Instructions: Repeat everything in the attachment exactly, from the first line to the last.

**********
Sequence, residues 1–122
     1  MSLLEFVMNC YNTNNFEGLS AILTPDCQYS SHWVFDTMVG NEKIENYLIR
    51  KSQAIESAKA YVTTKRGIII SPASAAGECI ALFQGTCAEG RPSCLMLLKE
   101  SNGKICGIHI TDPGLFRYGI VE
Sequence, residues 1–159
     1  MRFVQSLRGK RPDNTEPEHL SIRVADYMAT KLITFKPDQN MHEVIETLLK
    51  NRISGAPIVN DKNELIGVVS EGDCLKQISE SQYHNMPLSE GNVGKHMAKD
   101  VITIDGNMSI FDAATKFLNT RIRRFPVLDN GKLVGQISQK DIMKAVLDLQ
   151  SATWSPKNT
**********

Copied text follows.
Sequence, residues 1–122
     1  MSLLEFVMNC YNTNNFEGLS AILTPDCQYS SHWVFDTMVG NEKIENYLIR
    51  KSQAIESAKA YVTTKRGIII SPASAAGECI ALFQGTCAEG RPSCLMLLKE
   101  SNGKICGIHI TDPGLFRYGI VE
Sequence, residues 1–159
     1  MRFVQSLRGK RPDNTEPEHL SIRVADYMAT KLITFKPDQN MHEVIETLLK
    51  NRISGAPIVN DKNELIGVVS EGDCLKQISE SQYHNMPLSE GNVGKHMAKD
   101  VITIDGNMSI FDAATKFLNT RIRRFPVLDN GKLVGQISQK DIMKAVLDLQ
   151  SATWSPKNT